“Barefoot Contessa: Cook Like a Pro” Is a Gentle Culinary Bootcamp for Home Cooks

updated May 30, 2019
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Imagine if you could pull Ina Garten into your very own kitchen and have her walk you through how to cook. Not just recipes, but the miniature actions and skills that are muscle memory to a culinary pro. With her swingy lob and trademark denim button-down, you two could be elbow to elbow, suddenly kitchen pals as she showed you the exact moment when yeast comes alive or how to shingle prosciutto onto a tartine.

This can be your life. No, seriously.

Once a week, block out the world, turn on Barefoot Contessa: Cook Like a Pro, and get a light-hearted master class from a lovable food icon.

I love every iteration of Barefoot Contessa, from the way throwback episodes where she’s constantly hosting a giant outdoor dinner party to the cozy Cooking for Jeffrey seasons. And in a lot of ways, Cook Like a Pro is instantly recognizable, comforting in its similarity to the original show. “How easy is that?” is peppered throughout each episode. The ingredients are fresh, the shots are stunning, and Ina is Ina: delightful and soothing. In the words of Wolfgang Puck in the first episode of this season, “You are not my contessa — you are my queen!”

The intense attention to detail is where Cook Like a Pro shines, and shifts slightly from previous Barefoot Contessa seasons. “I’m Ina Garten. I’ve been cooking and baking for decades and I’m going to teach you some of the secrets I’ve learned along the way so you too can cook like a pro,” she announces at the start of each episode. The focus here is really on how to cook, not just how to create a handful of dishes. So each recipe is used as a springboard to teach you a set of skills that you can carry into all of your cooking.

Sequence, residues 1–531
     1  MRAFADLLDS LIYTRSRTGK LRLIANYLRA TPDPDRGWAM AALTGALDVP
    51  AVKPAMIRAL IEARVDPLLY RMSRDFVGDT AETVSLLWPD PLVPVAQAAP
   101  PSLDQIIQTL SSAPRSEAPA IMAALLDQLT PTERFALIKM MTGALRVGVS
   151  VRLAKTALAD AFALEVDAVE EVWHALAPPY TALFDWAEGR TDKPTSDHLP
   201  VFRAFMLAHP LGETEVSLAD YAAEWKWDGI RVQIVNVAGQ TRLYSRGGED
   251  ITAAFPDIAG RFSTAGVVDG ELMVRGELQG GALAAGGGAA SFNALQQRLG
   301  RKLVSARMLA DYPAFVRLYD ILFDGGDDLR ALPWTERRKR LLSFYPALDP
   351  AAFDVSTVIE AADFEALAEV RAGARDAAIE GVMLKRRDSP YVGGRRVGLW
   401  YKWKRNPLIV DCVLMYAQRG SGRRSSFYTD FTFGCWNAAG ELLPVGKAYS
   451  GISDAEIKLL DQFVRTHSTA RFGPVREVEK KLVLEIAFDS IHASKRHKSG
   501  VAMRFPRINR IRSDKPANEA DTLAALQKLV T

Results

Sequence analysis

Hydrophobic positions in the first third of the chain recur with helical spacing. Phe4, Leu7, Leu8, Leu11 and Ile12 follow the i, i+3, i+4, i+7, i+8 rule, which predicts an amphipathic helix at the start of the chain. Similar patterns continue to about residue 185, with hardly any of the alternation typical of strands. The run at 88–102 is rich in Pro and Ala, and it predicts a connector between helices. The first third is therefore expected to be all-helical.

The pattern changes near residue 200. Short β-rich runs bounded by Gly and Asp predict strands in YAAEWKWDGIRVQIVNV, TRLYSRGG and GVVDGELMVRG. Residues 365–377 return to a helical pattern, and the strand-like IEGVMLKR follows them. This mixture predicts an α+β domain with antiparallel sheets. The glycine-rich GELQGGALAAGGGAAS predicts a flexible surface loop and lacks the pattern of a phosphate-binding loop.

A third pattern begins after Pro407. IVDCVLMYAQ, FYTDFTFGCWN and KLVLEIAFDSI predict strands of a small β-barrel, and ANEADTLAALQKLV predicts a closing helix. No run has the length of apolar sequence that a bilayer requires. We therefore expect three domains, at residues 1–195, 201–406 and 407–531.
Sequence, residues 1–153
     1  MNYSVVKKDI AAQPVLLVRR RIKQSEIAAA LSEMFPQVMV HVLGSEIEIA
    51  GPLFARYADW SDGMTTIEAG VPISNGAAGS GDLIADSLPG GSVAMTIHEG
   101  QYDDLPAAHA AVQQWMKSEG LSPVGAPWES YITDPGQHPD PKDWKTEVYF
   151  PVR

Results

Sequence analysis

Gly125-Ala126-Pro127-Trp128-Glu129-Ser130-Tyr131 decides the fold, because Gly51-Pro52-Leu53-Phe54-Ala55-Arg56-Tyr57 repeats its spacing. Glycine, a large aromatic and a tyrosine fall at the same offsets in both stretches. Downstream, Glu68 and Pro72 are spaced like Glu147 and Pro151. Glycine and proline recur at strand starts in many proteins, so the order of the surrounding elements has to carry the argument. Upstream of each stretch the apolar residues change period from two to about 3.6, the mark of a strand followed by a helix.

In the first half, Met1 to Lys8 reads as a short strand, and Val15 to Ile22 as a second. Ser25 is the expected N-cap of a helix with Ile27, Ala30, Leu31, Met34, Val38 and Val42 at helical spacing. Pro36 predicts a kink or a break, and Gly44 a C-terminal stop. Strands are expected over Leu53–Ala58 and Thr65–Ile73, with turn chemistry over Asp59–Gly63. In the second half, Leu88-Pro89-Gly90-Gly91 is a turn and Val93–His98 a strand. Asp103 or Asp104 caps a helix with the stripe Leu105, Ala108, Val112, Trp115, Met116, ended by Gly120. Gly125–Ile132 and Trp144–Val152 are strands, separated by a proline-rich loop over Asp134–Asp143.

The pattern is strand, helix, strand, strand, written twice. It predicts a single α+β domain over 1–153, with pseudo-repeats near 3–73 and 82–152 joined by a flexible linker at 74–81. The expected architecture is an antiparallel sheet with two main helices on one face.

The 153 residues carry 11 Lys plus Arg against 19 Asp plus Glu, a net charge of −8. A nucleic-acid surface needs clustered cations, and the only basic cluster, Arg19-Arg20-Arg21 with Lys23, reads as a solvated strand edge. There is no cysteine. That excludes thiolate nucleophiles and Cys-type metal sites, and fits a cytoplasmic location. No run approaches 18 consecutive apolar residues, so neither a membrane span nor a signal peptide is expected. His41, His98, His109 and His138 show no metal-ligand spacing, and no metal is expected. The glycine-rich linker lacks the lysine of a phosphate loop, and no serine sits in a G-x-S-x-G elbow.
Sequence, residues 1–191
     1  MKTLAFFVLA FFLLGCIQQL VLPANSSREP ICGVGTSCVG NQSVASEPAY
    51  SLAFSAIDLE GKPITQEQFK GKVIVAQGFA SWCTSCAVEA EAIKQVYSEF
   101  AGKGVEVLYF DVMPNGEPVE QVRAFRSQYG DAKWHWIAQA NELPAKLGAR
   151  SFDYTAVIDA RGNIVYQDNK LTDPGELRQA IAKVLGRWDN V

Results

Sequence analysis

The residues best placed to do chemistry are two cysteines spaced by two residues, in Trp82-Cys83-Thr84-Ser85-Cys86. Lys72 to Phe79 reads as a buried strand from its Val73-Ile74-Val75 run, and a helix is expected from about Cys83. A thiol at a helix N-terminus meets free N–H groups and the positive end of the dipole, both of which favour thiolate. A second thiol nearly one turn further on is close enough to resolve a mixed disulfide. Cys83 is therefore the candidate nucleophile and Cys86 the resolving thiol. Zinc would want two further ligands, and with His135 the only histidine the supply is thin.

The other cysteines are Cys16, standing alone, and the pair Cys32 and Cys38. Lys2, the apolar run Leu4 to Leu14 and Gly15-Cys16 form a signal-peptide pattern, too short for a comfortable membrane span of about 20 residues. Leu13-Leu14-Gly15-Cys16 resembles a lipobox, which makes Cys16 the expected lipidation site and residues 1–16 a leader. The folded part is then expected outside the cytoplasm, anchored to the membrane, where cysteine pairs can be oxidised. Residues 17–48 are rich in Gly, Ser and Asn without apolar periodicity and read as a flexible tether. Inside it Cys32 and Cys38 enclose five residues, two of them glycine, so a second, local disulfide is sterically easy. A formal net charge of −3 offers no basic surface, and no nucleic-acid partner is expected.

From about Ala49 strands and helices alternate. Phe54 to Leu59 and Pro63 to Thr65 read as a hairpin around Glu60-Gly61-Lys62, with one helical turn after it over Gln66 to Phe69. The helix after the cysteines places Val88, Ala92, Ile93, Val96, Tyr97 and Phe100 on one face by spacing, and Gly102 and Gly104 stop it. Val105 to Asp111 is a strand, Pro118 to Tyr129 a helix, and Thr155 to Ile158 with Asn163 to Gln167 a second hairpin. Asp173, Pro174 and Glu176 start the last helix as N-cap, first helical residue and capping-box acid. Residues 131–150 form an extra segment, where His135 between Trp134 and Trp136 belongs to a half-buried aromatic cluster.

The intense attention to detail is where Cook Like a Pro shines, and shifts slightly from previous Barefoot Contessa seasons.

In episode two, she reveals all the tiny skills you need to make a perfect fruit salad. From watching her put together this simple recipe, you learn how to hull a strawberry, split and scrape a vanilla bean, and gut a papaya. A fish cakes recipe in episode one becomes an opportunity to walk through the finer points of breadcrumb selection, explaining how and when to use a seasoned crumb vs. a panko crumb.

Through Instagram-ready overhead shots, popping with big colors and simple layouts, Ina guides us through how to assemble a cheese plate, how to make a stunning smoked salmon platter, and how to set a variety of tables centered around a big one-pot dinner party main course.

The style of entertaining in Cook Like a Pro is way more accessible than in the original Barefoot Contessa. Sure, everything is still an opportunity for a party. But these are parties that are way easier to put together than some of her throwback shindigs. “After all these years cooking, even I find it daunting to throw a dinner party,” she says, pointing to the smorgasbord of courses required just to fill your table.

Her secret to the best dinner party ever is the single-dish menu — a big robust meal that combines meat, vegetable, and starch in one pot so everyone feels heartily fed and you don’t have to play one-night-only fine-dining chef. And while having people over for breakfast is fun, Ina refuses to wake up early to cook for a crowd. She offers us a mix-and-match menu of easy, make-ahead breakfasts that you can simply stir or reheat as you yawn through your first cup of coffee.

The hard part about cooking isn’t reading instructions or compiling ingredients.

The hard part about cooking isn’t reading instructions or compiling ingredients. It can feel like that’s the problem, but it’s really about the small unknowns. Like do you rinse the chicken before you roast it? (Answer: no.) What does bread dough look like when it’s ready? Why shouldn’t I put all these lamb shanks in the pan at the same time?

That’s the gift of Cook Like a Pro. For those times when you can’t find someone to gently guide you in the kitchen, there’s Ina in half-hour increments, doling out her decades worth of pro secrets. How easy it that?